How Economists Can Slow Climate Change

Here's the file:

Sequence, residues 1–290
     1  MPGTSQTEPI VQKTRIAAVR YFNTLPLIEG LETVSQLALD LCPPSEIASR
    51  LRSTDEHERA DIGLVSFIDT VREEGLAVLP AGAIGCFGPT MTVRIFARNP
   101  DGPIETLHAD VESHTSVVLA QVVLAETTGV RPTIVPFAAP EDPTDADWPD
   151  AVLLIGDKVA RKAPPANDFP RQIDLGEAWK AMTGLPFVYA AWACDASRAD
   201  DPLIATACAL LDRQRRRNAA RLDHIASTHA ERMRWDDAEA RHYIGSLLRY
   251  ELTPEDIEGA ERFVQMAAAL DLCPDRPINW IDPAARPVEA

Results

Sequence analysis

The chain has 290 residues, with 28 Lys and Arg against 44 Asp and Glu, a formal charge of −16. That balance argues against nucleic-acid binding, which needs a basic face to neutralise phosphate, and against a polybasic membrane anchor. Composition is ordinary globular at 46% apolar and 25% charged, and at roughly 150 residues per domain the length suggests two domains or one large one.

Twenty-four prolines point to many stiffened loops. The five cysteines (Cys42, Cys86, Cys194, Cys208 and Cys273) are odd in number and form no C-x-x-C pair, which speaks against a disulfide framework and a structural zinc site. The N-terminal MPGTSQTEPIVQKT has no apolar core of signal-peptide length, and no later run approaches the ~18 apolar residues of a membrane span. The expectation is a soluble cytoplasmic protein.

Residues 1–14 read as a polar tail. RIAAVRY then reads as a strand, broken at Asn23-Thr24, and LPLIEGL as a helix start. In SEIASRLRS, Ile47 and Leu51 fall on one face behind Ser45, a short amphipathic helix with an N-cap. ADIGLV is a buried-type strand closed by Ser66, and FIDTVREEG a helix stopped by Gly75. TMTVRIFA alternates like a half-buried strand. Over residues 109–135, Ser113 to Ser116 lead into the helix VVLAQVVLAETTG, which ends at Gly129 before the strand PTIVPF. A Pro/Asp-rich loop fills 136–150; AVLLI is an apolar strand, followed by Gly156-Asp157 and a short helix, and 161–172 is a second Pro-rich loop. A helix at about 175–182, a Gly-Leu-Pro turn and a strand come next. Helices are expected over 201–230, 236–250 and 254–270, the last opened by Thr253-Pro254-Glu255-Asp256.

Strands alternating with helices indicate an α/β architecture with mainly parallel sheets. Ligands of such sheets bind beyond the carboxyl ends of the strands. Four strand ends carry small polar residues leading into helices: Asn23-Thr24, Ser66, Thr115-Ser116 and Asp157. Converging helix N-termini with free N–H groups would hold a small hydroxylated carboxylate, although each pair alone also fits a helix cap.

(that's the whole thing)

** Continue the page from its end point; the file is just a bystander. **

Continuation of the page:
Even most climate change skeptics acknowledge the planet is warming. And when pressed, they agree our actions are contributing. But disagreement arises when possible solutions are proposed. A sudden switch from carbon based-fuels to renewables would be disruptive for our economy. But doing nothing carries risk, too, even if the most pessimistic scenarios fail to materialize.Into this environment, a call has been made by some of the country's leading economists and policymakers on a possible solution. Plan supporters include Republicans, Democrats, former Federal Reserve chairmen, Treasury secretaries and Nobel prize winners, as well as some of the world's largest firms including oil and gas producers. The proposal is ambitious and has the potential to exceed the carbon reductions envisioned by Obama-era regulations.It uses the power of the market, a conservative principle, where price signals determine financial success. Currently, the negative effects of burning fossil fuels are not reflected in their price. Economists call this an externality. When a product is sold that creates a cost to society, but that cost is not borne by the market, some action is needed to bring about an efficient solution.Rather than regulations, the plan calls for a gradually increasing tax imposed on each ton of carbon emissions. Revenue from this tax would be returned to the public in the form of "carbon dividends." The tax raises the price, so the negative effects of using carbon-based fuels are now reflected in the market. This increased price motivates buyers to search for alternatives, shifting our energy use away from fossil fuels. The recommended initial carbon tax is $40 per ton. Carbon dividends complete the circle back to the public, mitigating the higher price of fuel.For a few years, increases in carbon emissions stalled as the global economy began to slow down. This slowing of emissions made it appear that climate change was not as bad as feared. But the United Nations Emissions Gap Report, released in November, shows that emissions increased in 2017. The report further says that for the world to reach the goals of the Paris climate accord, emissions must peak by 2020, one year from now. However, their analysis suggests that emissions will not likely peak until 2030.Enacting policies when the effects are expected far into the future is challenging. But the impact of climate change is already here. Climate change didn't cause the historic hurricane year of 2017, but it did exacerbate the events. Warmer ocean temperatures create stronger hurricanes, according to the Union of Concerned Scientists. And a warming climate, according to NASA, also increases rainfall. It's little wonder that 2017 produced over $300 billion in damage from natural hazards, most from Harvey, Irma and Maria. Heatwaves and wildfires are also made worse by changes in the climate.As time goes on, the costs will simply keep going up. The Fourth National Climate Assessment, also released in November, documents extreme economic costs of climate change that can be expected in the 21st century. They estimate that the U.S. economy could have a permanent decline of 10 percent. That's more than double the temporary decrease in GDP experienced during the Great Recession of 2008-09. Overall, a new study in Nature Climate Change estimates that the social cost of climate change for the U.S. is $48 per ton of emissions, one of the highest in the world.Climate change is real and our use of carbon based fuels is a major contributor. We can and must do something to arrest this trend. This bipartisan proposal offers a real chance to change our trajectory without the political costs of added regulations.Economics is often referred to as the dismal science. Few topics are more dismal than considering a future of worsening natural disasters and a declining economy. But economics also offers solutions by making use of simple market mechanics. Let's use the incentive structure of properly pricing carbon to motivate consumers to make efficient choices.Kevin Simmons is an economics professor at Austin College. He wrote this column for The Dallas Morning News.  Continue reading...

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